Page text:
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How to Hold Corporations Accountable


How to Hold Corporations Accountable

Charles E. Wilson, the CEO of General Motors in the middle part of the last century, reputedly once said that “what was good for our country was good for General Motors, and vice versa.”

The idea was that large corporations had a duty not just to their shareholders, but also to their employees, customers, and community. What was good for all of these stakeholders was inseparable from what was good for large corporations like GM.

But in the 1980’s, this shifted. The only goal of large corporations goal became maximizing profits and returns for shareholders.


From the article:

“…their legal right to exist could be revoked if they engaged in repeated and egregious lawbreaking.”

That right exists now, if only on paper—a state’s revocation of a charter is effectively a death penalty for the corporate “person.” That this power has never, to my knowledge, been exercised is a testimony to corporate influence over state governments, especially Delaware (thanks a bunch, DuPont), which certainly wasn’t envisioned by the framers of the Constitution.

A federal charter for corporations would put an immediate halt to what the article describes as “a race to the bottom” among states competing for jobs and ratables; for that very reason, I foresee a flood of corporate cash being spent to prevent its being enacted.


Is Mr. Reich being intentionally naive?
A larger percentage of the board will not hold the cabal (a la Piketty) accountable.
Mr. Reich is an economist. The system of money is the problem.
As in politics, those available to fill the posts for election will be presented from a select group of people inside the cabal.
Nothing short of a cooperative structure will reform the capitalistic cooperation.

For that to truly happen, we must decentralize data, and allow only those who produce actual work to be paid for their services.

And for that to happen, what we call money today has to be changed.

Otherwise we are just spinning our wheels.
When Mr. Reich writes such articles for the sake of brevity, it really does not do good. When there is absolutely no mention of the systems in place and ramifications of the offered solution to these systems, it seems pointless.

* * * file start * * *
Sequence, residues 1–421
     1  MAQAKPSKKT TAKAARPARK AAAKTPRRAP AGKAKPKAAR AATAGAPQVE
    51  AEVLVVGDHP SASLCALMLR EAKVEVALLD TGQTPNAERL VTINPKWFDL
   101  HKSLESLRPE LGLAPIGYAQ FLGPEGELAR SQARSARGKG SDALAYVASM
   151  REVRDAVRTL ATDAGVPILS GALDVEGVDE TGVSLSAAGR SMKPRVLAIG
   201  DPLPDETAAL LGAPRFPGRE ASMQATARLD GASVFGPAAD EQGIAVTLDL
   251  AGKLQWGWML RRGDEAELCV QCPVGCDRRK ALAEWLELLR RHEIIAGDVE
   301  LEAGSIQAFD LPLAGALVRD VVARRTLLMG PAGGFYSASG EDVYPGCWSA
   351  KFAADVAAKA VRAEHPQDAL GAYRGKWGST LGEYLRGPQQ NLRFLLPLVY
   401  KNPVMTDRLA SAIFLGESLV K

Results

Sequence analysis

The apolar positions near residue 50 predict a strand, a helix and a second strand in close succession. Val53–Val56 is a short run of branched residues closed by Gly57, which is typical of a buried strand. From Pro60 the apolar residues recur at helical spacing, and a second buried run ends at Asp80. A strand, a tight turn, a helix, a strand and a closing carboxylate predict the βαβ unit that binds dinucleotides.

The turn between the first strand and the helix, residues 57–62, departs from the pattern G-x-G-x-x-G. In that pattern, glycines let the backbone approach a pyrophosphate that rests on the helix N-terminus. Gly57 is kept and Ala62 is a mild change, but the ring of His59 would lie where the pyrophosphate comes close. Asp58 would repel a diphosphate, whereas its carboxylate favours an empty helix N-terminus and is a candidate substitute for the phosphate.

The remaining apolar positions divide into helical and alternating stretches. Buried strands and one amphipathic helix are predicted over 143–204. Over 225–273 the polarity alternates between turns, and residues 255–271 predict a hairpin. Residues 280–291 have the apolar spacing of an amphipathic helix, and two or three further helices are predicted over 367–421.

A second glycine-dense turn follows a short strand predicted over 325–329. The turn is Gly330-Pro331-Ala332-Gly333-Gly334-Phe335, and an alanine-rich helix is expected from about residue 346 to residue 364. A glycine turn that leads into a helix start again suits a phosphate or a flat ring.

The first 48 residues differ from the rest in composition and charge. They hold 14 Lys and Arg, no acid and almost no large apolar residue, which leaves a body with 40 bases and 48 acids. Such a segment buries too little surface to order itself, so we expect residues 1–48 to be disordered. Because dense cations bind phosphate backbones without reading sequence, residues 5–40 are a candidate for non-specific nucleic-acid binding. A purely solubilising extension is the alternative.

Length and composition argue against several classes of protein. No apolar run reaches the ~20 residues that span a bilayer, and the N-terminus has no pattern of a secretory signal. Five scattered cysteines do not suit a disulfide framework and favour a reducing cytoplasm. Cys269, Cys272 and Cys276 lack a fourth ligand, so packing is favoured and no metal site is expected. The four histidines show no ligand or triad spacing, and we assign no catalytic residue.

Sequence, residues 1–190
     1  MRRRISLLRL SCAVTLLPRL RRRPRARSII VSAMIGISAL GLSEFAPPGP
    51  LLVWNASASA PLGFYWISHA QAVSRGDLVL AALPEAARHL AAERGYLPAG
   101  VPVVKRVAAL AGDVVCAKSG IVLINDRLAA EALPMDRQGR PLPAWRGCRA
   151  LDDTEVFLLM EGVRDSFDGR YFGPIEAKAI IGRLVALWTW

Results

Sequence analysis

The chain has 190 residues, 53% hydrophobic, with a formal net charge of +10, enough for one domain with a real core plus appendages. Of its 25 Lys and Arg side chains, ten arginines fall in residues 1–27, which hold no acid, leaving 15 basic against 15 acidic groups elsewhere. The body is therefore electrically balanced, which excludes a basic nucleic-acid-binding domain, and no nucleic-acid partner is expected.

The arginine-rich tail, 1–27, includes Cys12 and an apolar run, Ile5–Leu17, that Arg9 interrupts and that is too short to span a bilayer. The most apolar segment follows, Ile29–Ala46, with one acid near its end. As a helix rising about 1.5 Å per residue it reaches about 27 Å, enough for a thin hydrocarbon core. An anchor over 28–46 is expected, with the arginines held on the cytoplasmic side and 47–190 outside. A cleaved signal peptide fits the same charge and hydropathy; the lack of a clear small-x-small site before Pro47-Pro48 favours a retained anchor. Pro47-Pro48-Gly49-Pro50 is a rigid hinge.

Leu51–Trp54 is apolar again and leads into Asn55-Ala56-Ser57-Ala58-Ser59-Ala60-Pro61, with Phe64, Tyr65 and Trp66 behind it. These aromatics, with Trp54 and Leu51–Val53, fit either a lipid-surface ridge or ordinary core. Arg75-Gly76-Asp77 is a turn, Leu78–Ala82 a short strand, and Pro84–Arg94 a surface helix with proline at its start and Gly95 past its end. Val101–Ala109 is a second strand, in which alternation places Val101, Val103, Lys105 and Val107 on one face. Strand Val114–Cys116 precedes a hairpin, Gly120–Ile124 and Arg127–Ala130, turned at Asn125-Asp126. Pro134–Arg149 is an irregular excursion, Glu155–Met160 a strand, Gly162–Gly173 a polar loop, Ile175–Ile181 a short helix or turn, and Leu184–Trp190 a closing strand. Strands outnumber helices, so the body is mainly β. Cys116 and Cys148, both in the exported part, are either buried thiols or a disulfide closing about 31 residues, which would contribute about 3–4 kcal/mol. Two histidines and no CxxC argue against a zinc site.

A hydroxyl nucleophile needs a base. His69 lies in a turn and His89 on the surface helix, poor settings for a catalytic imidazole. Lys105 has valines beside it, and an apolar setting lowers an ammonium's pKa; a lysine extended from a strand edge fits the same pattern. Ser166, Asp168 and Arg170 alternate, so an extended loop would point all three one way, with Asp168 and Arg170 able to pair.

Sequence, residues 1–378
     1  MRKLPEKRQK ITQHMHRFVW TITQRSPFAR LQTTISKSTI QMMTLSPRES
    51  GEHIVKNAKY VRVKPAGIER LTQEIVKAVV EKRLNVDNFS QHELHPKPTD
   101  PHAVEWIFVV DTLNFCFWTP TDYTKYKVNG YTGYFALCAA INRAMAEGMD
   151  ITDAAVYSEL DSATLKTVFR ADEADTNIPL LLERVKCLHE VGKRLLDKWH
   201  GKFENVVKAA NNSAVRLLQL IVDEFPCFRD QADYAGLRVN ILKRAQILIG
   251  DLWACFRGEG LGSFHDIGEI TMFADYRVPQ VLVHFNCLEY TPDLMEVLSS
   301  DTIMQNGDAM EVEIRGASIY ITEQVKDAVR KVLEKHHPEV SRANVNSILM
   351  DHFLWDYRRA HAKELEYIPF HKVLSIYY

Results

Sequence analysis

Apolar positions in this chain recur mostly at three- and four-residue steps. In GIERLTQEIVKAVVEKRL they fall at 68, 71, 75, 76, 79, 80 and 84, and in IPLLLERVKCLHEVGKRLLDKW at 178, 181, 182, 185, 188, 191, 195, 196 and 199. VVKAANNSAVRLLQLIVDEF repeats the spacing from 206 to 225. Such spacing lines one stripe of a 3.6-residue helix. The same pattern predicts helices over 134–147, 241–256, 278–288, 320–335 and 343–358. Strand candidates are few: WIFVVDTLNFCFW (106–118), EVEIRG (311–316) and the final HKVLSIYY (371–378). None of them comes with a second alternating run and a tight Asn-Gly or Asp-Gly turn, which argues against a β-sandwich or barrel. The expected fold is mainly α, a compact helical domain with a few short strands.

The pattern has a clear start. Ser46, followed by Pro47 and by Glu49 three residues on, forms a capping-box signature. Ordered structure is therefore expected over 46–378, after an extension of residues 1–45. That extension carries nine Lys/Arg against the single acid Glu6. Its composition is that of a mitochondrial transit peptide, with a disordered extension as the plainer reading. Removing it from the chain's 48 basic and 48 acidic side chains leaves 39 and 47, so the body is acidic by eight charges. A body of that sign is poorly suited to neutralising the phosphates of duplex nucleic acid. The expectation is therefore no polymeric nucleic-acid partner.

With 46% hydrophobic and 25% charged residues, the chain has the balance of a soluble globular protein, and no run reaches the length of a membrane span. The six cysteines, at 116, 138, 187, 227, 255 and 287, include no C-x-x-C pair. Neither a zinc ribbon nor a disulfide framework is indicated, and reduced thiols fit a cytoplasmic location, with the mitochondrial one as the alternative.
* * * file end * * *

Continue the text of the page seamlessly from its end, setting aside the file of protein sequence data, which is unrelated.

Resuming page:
Unless ALL of the New Deal regulations affecting corporations that have been decriminalized (euphemistically called deregulation) during the past 40 years are restored and new regulations added, there will be no return to the pre-Reagan days of corporations being held accountable. Warren’s ploy is nothing more than campaign candy.

Charles E. Wilson was simply making an observation of the contemporary business environment. He was not expressing his philosophy. Corporate law has always required corporations act in the best interests of shareholders and only the New Deal put that under control, unfortunately only from 1935-1985.


Corporations were NOT accountable to the Public when Standard Oil running things, United Fruit Compnay forcing Coups in Guatemala and Ford using slave labor in Nazi Germany. A typical rubbish article trying to pretend that the issues withe the Corporate State can be fixed once more by putting lipstick on a pig.

The Corporate model has to be dismantled. The first step to that dismantling is not this silly act , but one that first removes the concept of limited liability and passing laws that make the Shareholders and Corporate executives PERSONALLY liable (and no the corporation is not a person) for harm done.

A corporation is a THING like my car is a THING . If I am involved in an accident and hurt someone I am liable and my car is not the THING held accountable. A THING can not be accountable.


Fucking Bingo.

For a bit of levity:


well thank you Wise Owl
I feel like I repeat that line a lot.
not sure if I am getting through to anyone with a sense of solution or just ad libbing for emphasis.

Kind a like Bingo.
If that was was your intent.


We are simpatico here at CD, that’s why I try to look in every day. :wink: